American Apparel Shakes Up Creative Team Under New CEO

American Apparel Inc. Chief Executive Officer Paula Schneider, who took the reins last month, is revamping the company’s creative department in a move that may give the brand a new look.

The company has terminated senior creative director Iris Alonzo, a longtime collaborator of ousted founder Dov Charney. Marsha Brady, who worked as creative director under Alonzo, also was dismissed.

Schneider, a fashion-industry veteran, joined the company about about six weeks ago following the departure of Charney. In an interview this month, Schneider praised the Los Angeles-based company’s brand and work ethic, while pointing to the need for better logistics and planning.

“There’s a lot of opportunity, and it’s mostly in the fundamentals,” Schneider said at the time.

This is actually the second time the clothing manufacturer has parted ways with Alonzo. The company fired her in June when it first suspended Charney and announced plans to terminate him for misconduct. It hired her back a few months later, and she returned to leading the creative department. She stayed on even after Charney’s departure from the company was completed in December.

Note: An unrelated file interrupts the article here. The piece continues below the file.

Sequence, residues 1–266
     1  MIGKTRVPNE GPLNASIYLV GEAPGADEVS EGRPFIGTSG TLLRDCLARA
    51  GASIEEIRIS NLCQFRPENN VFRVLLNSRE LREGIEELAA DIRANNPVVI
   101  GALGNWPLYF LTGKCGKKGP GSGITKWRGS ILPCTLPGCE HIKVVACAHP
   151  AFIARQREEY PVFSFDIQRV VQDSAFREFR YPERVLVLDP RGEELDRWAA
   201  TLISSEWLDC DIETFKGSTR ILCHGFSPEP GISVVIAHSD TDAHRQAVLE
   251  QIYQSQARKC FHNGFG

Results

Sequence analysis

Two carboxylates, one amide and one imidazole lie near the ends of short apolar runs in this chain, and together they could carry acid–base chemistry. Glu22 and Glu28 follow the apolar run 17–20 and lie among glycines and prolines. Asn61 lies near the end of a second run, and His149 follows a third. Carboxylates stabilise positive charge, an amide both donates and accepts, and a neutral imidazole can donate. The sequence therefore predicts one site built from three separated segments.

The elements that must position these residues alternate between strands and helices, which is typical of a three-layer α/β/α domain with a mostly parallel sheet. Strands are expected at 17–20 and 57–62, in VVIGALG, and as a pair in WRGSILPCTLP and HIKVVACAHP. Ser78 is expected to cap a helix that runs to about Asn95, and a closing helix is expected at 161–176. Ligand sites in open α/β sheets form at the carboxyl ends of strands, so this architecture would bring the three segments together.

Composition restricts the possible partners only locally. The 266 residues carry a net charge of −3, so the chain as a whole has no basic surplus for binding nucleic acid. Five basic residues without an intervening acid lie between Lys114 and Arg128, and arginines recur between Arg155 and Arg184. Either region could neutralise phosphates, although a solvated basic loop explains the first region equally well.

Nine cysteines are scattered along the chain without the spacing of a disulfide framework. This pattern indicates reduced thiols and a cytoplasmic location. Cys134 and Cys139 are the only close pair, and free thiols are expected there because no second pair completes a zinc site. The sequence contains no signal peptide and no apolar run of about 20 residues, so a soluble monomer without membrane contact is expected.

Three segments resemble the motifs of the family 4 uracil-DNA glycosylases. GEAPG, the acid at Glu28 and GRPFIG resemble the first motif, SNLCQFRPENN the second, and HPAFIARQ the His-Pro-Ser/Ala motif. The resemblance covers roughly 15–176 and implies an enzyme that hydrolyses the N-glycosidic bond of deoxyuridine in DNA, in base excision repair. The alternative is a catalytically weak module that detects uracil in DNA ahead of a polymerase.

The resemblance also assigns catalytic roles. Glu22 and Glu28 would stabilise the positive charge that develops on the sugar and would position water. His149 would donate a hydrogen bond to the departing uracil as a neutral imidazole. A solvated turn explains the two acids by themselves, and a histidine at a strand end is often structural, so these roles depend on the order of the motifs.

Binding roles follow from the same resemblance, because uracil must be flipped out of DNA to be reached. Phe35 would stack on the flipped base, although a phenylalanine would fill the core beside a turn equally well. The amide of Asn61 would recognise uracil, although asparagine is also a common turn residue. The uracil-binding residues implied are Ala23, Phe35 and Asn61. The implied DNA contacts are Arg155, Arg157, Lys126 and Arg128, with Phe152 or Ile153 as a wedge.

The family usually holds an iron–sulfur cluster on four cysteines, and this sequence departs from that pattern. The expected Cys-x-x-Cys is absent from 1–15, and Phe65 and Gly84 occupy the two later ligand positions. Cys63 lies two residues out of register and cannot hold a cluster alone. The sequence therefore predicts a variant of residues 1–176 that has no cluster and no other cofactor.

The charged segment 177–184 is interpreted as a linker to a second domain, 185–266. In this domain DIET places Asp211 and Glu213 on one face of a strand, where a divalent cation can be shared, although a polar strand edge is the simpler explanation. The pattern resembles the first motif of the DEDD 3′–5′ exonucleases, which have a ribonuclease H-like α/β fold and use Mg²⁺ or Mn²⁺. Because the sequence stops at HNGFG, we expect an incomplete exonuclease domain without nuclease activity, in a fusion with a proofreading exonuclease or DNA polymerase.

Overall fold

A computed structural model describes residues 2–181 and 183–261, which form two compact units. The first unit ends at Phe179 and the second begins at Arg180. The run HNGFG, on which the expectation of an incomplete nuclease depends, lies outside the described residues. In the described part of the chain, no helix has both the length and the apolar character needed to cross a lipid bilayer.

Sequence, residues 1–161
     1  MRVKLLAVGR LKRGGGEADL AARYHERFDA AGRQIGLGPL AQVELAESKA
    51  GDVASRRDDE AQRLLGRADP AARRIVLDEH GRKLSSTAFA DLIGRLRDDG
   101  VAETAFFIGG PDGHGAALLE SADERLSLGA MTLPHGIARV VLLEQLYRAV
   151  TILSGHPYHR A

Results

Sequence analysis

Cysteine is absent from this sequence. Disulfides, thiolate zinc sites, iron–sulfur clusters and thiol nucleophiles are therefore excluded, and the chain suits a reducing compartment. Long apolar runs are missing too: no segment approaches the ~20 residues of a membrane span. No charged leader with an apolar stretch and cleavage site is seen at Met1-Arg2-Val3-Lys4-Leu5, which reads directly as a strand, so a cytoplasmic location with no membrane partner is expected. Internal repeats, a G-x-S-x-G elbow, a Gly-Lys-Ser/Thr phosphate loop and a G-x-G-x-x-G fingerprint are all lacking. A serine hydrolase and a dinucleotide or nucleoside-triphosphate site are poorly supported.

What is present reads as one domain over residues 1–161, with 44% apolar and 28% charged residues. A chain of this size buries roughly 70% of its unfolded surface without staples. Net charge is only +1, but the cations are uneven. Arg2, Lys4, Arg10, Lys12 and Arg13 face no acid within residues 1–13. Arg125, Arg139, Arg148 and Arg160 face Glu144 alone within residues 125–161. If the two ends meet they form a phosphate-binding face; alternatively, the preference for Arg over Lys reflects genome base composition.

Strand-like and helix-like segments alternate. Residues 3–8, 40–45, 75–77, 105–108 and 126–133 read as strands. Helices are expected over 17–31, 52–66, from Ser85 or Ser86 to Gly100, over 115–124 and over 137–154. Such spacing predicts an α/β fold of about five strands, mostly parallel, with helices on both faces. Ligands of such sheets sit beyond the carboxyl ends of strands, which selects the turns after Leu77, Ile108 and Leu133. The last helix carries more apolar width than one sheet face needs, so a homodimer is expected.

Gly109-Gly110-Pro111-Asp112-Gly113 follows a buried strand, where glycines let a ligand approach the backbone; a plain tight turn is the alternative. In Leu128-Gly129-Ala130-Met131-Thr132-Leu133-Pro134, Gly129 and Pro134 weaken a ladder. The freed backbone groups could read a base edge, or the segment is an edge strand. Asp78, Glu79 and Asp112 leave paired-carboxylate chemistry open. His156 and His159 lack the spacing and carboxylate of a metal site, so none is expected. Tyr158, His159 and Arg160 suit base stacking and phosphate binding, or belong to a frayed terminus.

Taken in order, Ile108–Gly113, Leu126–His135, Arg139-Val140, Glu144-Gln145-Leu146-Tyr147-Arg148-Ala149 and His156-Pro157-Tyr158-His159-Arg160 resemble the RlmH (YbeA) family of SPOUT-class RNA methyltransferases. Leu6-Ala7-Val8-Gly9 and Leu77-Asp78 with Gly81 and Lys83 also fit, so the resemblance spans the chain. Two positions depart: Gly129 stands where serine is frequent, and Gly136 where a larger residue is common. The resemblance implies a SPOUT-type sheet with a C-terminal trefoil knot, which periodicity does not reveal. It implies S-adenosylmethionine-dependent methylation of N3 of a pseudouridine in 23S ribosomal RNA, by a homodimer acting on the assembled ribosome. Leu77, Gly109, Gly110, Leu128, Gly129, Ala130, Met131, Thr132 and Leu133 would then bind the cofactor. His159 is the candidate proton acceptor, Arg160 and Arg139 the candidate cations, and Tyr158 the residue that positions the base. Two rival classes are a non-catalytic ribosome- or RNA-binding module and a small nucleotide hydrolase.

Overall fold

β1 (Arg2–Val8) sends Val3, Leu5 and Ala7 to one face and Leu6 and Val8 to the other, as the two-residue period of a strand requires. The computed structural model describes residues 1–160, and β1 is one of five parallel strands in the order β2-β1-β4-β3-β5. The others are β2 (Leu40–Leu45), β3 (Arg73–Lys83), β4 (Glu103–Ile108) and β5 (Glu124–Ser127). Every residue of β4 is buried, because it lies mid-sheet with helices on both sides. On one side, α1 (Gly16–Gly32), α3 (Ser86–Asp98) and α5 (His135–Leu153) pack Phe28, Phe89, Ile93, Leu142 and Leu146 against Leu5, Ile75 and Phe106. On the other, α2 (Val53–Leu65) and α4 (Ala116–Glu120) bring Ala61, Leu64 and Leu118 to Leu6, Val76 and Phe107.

Keith Fink, a lawyer representing Alonzo, said she wasn’t given a reason for her dismissal. Brady didn’t immediately respond to a request for comment. Liz Cohen, a spokeswoman for American Apparel, declined to comment.

Changing Tone

American Apparel’s marketing is known for racy images of women modeling its clothing. Schneider said earlier this month that advertising will be less sexualized in the future, focusing instead on the social issues of the day, including gay rights and anti-bullying. Schneider, 56, also plans to highlight the chain’s made-in-America wares and remind consumers that it pays factory workers more than rivals pay those toiling overseas.

The clothing maker, which also runs a retail chain, has been financially troubled for years. It’s racked up more than $300 million in net losses since 2010 and needed to raise cash several times to quell liquidity concerns.

American Apparel declined 2.1 percent to 90 cents at the close in New York. The shares have dropped 13 percent this year.

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